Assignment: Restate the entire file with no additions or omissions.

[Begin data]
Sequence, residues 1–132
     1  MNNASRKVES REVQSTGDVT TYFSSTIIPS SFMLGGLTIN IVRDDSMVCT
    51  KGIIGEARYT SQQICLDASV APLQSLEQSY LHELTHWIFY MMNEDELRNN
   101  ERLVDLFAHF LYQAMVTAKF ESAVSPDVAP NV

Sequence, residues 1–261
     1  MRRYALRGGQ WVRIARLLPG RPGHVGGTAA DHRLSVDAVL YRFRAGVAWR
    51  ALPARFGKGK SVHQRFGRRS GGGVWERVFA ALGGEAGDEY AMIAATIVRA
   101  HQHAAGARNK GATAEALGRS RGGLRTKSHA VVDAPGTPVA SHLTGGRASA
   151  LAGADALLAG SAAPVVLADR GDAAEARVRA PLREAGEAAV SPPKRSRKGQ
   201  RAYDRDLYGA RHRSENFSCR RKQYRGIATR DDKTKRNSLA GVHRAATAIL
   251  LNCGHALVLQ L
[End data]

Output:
Sequence, residues 1–132
     1  MNNASRKVES REVQSTGDVT TYFSSTIIPS SFMLGGLTIN IVRDDSMVCT
    51  KGIIGEARYT SQQICLDASV APLQSLEQSY LHELTHWIFY MMNEDELRNN
   101  ERLVDLFAHF LYQAMVTAKF ESAVSPDVAP NV

Sequence, residues 1–261
     1  MRRYALRGGQ WVRIARLLPG RPGHVGGTAA DHRLSVDAVL YRFRAGVAWR
    51  ALPARFGKGK SVHQRFGRRS GGGVWERVFA ALGGEAGDEY AMIAATIVRA
   101  HQHAAGARNK GATAEALGRS RGGLRTKSHA VVDAPGTPVA SHLTGGRASA
   151  LAGADALLAG SAAPVVLADR GDAAEARVRA PLREAGEAAV SPPKRSRKGQ
   201  RAYDRDLYGA RHRSENFSCR RKQYRGIATR DDKTKRNSLA GVHRAATAIL
   251  LNCGHALVLQ L